Development, tourist style

Given the general decline of the rural sector seaside or coastal towns depend on domestic tourism to survive. In the process of encouraging tourism, seachange retirees and regional growth they are in danger of damaging, if not destroying, the very natural attractions that made them so attractive to people in the first place.

Victor Harbor on the southern Fleurieu Peninsula of South Australia is a classic example . Tourism has replaced the dairy and grazing farms in terms of economic importance. The city council has invested substantial funds to rebrand the town from being a run down and decaying service centre for the the agricultural industry to a tourist town. The rebranding involved giving the town centre a design facelift. The town has become more attractive but its economy is low-wage work such as retail and hairdressing that exist to serve local residents. A high tech hub of innovation and creativity it is not.

Tourist development is already happening. There is a Heritage Trail that runs west from Petrel Cove, which link up with the Heysen Trail at Kings Beach Lookout. Both Trails form part of the Wild South Coast Way on the southern Fleurieu Peninsula. There is also a Bluff (Rosetta Head) Master Plan, which is in process of being put together, based on community feedback that emphasizes walking not more carparks. These are low key eco-tourist developments with a light footprint. You enjoy the coastline by walking it.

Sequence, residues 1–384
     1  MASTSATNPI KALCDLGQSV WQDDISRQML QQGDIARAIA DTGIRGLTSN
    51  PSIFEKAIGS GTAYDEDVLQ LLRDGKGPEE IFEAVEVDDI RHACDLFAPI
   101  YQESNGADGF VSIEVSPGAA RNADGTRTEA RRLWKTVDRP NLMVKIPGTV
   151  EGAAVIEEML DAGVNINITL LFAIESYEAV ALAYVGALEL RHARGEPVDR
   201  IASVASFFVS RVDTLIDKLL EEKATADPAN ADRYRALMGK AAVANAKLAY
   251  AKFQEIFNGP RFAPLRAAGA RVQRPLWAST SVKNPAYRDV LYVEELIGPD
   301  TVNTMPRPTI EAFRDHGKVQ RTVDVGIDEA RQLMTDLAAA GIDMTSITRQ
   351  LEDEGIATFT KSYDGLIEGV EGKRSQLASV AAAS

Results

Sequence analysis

Petrel Cove coastline

The Victor Harbor Council has not publicly responded to the community feedback re the Bluff Master Plan, but the plan does not include the privately owned farmland west of the Rosetta Head reserve. Under SA’s new planning system Victor Harbor is part of the Greater Adelaide Planning Region and it is unclear whether the Victor Harbor Council will assess the proposed development or whether the planning authority is Planning SA and the state government.

The picture above is from January 2022 and it was made from Rosetta Head (Kongkengguwar) on an early summer morning. It looks west across Petrel Cove down along the coastline to Kings Beach and Kings Head. The Waitpinga Cliffs are in the background. It is a fantastic coastline that needs to be cared for as the farmland is sold. Massive and ugly development would destroy it.

The area just west of the Petrel Cove car park and the green belt in the above picture is earmarked for a proposed tourist property development by Tirroki Pty Ltd consisting of 5 self-contained accommodation units (4 single and 1 double unit with carports) and service building/s on the current farmland. It runs east/west from Jagger Road to the Heritage Trail with access from Jagger Rd.

4 Replies to “Development, tourist style”

  1. Developers have been targetting open spaces in urban areas too. Many of the first medium-density units were built on tiny blocks overlooking reserves, parks and ovals. In effect, monetizing public property.

    1. Graeme,
      In this in this case the developers are monetizing the Heritage Trail, the coastline and the sea. A new planning regime has just been put in place that is based zones and planning and design codes.
      I’m looking for the enviromental impact study for this development.

  2. One would like to think that these farms, when sold go some way to rewilding the area, in fact it should be compulsory considering the climate crisis we face. That however is probably too much to expect and developers, and councils will be rubbing their hands at the prospect of further development, and mostly for the more wealthy I imagine

  3. Vikky,
    well if the Kings Beach Retreats is anything to go by you are dead right. A new planning regime (statewide) has come into being since then so I presume the assessment of the development is out of the hands of the Victor Harbor council. The architecture will probably be better designed and it will be assessed without giving much consideration to the climate crisis. Definitely high end.

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